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21st September 2021 – Stoke Park Estate, Bristol

So many beautiful things to see (and photograph) around Duchess Pond this morning. The shelduck by all accounts is a rarity here.

The grey heron moved so gracefully around the lake
Mallards were often in flight as they were chased off by others
The small copper butterfly in the swampy area was a treat
The red clover is quite dense
Not sure what this is
Coots can be quite vicious – you wouldn’t think so looking at them here
Moorhens are no angels either
Ive missed seeing the robins – they must have been hiding whilst moulting
This young female has become my favourite
She likes to show all sides
I was very pleased to capture her reflection too
A jay in flight
… and then annoyingly hiding behind branches
A common chiffchaff
Who says magpies are black and white?
A star appearance of a shelduck with three cormorants
Shelduck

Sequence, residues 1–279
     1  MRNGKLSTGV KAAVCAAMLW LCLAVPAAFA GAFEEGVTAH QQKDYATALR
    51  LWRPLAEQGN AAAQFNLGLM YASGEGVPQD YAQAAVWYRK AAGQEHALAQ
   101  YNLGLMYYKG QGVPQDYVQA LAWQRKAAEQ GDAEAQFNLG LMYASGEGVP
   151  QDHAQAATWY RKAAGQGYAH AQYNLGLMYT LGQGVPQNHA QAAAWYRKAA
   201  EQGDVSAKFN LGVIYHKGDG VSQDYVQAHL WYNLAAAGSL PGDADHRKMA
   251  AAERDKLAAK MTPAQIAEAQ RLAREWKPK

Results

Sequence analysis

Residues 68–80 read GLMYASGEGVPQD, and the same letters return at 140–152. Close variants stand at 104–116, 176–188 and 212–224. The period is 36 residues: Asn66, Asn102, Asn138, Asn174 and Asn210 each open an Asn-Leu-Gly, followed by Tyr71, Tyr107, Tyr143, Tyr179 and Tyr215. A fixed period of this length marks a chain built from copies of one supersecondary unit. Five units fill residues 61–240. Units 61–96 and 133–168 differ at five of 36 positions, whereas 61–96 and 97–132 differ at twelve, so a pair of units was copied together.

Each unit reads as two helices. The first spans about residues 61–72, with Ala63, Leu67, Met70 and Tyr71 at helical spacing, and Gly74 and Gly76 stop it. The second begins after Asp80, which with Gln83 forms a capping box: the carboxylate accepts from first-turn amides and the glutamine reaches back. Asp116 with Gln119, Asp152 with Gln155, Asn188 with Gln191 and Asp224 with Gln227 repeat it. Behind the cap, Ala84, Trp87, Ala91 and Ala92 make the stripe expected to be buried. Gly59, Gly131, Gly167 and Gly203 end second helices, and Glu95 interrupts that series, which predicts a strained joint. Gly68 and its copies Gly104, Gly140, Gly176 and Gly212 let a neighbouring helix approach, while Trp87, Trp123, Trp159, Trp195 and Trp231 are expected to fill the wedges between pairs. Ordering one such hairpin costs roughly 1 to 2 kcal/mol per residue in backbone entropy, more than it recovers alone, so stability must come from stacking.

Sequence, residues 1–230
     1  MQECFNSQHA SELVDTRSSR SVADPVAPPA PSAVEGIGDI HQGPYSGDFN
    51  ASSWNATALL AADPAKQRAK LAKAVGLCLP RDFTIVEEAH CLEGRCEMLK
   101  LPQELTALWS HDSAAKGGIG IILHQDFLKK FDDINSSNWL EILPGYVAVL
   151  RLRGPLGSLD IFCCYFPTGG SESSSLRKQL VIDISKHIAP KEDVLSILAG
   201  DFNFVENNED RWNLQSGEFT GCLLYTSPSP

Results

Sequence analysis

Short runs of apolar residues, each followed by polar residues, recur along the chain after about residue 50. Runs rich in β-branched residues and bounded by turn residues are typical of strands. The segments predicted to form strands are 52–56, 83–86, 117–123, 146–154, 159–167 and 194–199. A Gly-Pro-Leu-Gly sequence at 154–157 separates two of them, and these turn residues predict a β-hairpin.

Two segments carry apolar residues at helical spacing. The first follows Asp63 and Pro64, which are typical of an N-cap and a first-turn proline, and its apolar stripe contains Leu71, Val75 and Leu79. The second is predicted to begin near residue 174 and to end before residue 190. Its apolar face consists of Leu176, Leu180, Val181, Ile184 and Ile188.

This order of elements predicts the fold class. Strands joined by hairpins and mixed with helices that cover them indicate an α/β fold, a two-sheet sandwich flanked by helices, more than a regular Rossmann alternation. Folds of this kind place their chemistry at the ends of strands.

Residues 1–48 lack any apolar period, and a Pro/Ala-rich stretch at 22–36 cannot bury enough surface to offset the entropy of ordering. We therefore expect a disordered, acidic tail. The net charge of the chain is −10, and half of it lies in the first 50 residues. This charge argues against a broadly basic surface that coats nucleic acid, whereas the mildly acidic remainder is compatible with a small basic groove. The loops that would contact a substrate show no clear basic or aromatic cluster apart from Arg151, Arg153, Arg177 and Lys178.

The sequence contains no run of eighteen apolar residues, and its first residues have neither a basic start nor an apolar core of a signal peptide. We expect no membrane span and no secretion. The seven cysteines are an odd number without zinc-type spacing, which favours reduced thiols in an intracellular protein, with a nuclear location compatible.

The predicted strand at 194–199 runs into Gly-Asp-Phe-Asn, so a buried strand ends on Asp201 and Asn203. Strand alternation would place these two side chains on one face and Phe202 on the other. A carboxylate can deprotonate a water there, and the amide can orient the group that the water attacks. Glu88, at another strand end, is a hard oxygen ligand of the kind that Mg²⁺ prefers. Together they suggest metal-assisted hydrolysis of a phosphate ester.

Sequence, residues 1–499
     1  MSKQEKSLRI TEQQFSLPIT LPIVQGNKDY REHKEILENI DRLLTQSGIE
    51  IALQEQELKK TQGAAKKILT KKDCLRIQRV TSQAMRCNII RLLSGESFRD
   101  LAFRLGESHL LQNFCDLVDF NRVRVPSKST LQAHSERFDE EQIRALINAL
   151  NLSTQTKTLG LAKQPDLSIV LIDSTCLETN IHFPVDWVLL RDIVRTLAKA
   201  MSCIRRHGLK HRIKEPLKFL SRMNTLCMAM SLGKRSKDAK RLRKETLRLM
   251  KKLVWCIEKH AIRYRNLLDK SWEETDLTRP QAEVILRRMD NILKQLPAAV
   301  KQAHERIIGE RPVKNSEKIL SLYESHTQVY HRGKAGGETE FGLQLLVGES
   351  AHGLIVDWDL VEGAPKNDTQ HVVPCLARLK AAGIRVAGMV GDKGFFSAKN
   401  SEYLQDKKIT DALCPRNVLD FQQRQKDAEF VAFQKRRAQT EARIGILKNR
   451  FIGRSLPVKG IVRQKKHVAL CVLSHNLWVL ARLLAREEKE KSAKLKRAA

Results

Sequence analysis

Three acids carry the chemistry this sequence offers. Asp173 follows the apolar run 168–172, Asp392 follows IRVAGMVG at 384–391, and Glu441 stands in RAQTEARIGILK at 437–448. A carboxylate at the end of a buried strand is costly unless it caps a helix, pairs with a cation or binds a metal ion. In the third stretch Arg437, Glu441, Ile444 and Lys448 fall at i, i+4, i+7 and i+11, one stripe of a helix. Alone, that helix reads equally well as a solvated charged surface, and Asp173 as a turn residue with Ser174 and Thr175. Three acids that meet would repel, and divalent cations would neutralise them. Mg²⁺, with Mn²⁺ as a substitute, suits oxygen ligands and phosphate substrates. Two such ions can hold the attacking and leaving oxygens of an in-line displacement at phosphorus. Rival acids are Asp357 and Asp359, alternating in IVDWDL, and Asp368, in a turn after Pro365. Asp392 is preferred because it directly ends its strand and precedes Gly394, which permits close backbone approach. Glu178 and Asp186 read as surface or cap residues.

Shelduck
Cormorant
Migrant hawker
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17th September 2021 – New Passage, Severn Estuary

I had to drop off the car for servicing at Cribbs Causeway so we benefited from a fairly early start to have a walk along the Severn Estuary between New Passage and Severn Beach. The tide was fairly low so the waders on the waterline were quite distant but quite easy to pick out in the sunlight.

Black-tailed godwits
Black-tailed godwits in flight
Black-tailed godwits landing
Oystercatcher and curlew
Turnstone and redshank
Grey heron
Little egret
Oystercatcher
Redshank
Prince Charles bridge

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14th September 2021 – Somerset Levels

Thundery showers were forecast for this part of the country and as not a drop of rain fell during the 5 hours I spent on the Somerset Levels I am in no position to complain about the gloomy light conditions.

I started my birding day at Cheddar Reservoir and the first bird I saw was a kingfisher flying across the lake followed by a common sandpiper. An encouraging start.

Common sandpiper at Cheddar Reservoir

My next destination was Catcott Moor on the Avalon Marshes. This was my first ever visit here and I was rewarded with a flock of a dozen cattle egret near the car park.

Cattle egret
Cattle egret